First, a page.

“There is one issue that will define the contours of this century more dramatically than any other, and that is the urgent threat of a changing climate” – Barack Obama, 2015. TFG’s Ross McKenzie investigates the Economics of Climate Change.
In 2015 as President of the United States, Barack Obama highlighted climate change as the single most urgent threat to humanity, and the economic consequences of such a threat are potentially unlimited.
Three years later in 2018, global energy consumption increased at just below double the average growth rate since 2010. This did result in an increase in solar and wind power, however, all fuel related consumption increased alongside which resulted in a new CO2 emissions increase record of 1.7%.
The growth in demand for electricity was behind much of the energy surge, largely brought on by a growing global requirement for heating and cooling equipment as global temperatures fluctuate more.
In general, the main economic effects of climate change are going to be presented through damage to economic growth in the way of property damage, lost productivity, security threats and extreme weather conditions.
As temperatures and global sea levels rise, how will the global economy adjust to such a different landscape?
Economically, the simplest way to even begin to consider the ramifications is to split them into categories. First, we have the immediate category. This group is composed of events such as natural disasters which directly and immediately have an impact on economic performance.
An example of this would be the US’ most destructive natural disaster in history – Hurricane Katrina and it’s economic effect upon New Orleans and Louisiana. Devastatingly, 1,200 people lost their lives as a result of the hurricane.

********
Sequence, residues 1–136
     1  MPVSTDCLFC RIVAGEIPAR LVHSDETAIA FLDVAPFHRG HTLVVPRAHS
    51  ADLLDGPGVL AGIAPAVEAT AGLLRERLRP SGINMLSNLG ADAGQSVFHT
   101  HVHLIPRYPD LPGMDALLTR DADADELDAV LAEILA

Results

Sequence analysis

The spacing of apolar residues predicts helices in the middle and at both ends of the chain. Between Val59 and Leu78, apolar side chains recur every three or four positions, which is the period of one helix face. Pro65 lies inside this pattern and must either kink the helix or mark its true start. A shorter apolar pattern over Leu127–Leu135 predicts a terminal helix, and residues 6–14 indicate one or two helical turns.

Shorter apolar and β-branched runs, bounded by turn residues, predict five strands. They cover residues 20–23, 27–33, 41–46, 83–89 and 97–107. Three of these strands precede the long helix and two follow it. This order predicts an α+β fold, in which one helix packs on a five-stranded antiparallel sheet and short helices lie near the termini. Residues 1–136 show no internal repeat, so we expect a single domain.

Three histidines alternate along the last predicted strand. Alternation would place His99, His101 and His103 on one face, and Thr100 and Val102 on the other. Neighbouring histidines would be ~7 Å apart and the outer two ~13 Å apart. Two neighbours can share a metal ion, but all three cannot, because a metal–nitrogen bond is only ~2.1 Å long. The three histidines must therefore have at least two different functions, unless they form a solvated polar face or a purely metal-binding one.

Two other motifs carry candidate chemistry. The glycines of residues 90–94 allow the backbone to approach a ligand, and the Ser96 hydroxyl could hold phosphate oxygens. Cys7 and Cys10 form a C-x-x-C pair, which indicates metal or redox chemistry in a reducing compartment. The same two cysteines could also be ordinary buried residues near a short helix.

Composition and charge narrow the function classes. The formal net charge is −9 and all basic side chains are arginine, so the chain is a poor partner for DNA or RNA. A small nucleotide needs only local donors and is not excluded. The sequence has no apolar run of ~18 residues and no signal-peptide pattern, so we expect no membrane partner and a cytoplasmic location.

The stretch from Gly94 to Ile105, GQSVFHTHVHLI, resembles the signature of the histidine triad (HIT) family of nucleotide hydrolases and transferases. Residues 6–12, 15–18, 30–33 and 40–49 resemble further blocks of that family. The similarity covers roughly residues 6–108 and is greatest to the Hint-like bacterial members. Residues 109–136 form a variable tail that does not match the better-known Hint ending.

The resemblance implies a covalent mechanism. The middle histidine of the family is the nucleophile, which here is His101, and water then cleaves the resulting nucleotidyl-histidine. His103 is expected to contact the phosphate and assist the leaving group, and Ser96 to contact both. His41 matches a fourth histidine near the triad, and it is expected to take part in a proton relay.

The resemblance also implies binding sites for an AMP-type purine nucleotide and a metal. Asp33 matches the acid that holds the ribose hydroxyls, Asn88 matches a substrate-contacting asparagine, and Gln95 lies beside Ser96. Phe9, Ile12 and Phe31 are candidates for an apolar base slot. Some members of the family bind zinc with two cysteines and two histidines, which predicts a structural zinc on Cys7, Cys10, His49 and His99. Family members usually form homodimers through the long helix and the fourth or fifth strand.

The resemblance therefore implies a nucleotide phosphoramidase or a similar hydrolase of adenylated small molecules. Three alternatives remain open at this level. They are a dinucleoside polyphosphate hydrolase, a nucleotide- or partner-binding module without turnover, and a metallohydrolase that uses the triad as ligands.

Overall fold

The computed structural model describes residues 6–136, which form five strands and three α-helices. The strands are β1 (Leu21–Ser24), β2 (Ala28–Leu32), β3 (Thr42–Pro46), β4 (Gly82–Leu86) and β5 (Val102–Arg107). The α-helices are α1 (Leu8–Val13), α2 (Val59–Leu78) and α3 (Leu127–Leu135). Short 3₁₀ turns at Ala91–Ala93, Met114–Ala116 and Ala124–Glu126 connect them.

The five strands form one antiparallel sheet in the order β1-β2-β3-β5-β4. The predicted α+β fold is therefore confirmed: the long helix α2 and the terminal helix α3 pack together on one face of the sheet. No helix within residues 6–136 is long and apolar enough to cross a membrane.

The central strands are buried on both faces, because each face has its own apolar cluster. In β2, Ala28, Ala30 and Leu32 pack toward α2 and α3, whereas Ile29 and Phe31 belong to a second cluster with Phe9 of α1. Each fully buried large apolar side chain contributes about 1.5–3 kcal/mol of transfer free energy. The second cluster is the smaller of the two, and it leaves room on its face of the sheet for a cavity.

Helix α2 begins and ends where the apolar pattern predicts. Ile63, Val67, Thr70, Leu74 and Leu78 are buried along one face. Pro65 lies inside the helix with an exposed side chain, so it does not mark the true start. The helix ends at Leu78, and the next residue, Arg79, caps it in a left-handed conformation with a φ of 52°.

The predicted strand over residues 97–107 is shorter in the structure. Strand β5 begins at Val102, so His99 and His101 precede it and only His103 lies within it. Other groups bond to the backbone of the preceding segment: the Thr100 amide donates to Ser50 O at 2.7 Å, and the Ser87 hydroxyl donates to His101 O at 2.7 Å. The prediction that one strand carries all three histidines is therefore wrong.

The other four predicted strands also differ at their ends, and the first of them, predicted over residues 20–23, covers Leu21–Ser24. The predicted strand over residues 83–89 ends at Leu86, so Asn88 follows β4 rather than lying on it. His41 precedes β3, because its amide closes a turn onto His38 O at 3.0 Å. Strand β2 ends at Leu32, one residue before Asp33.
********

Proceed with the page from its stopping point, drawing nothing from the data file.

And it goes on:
According to a 2011 report by the National Hurricane Center Katrina caused an estimated $125 billion worth of damage in total. This is a staggering figure for a storm that appeared pretty much unannounced.
But it is not just the horrific loss of houses or business property, the physical and emotional loss members of the workforce can (rightfully so) cause long delays in production etc. So in the short-term, you have over $100 billion worth of damage, and more than a thousand lives lost. However for Katrina survivor-victims, over the long-run they actually recovered well, and some say ended up in an economically better place than if the storm had not hit.
Why? Catastrophe brings about change. Change on a scale that may have never been justified until the disaster, but definitely benefited the economic climate of Louisiana. For example, due to the sheer extent of the damage caused, unemployment – after it’s significantly high initial rise – actually began to fall quite dramatically with construction contracts being put in place to repair the damage. There began many projects that demanded a larger labour force, and those that lost their jobs (or offices) to the storm and floods found work well.
This does not however advocate or in anyway say that Hurricane Katrina was a good thing. It does however highlight the resilience of mankind and their true adaptability.
Natural disasters such as hurricane Katrina can have devastating effects on an economic eco-system. In today’s dynamic and globalised world, if a country which specialises in coffee and 75% of their produce is focused on the making and exporting of coffee, is then hit with record-setting landslides and temperatures which reduce their crops by 30%, what are they supposed to do?
Furthermore, what happens to the global market which demands the coffee this country produces? The result is a shift in global demand consumption patterns, which will reallocate capital, causing mass closures of some industries and mass booms in others.
Take the coffee analogy, for example, in March of 2019 Brazil exported 2,698 60kg bags of Coffee. If you consider each step of the production cycle for coffee, you will see many other industries tie in and may rely heavily on Brazil’s substantial demand for coffee.
When this demand is no longer possible to meet because of climate change-related issues, then the $5.1 billion that was spent on Brazilian coffee in 2018 will be spent in other areas.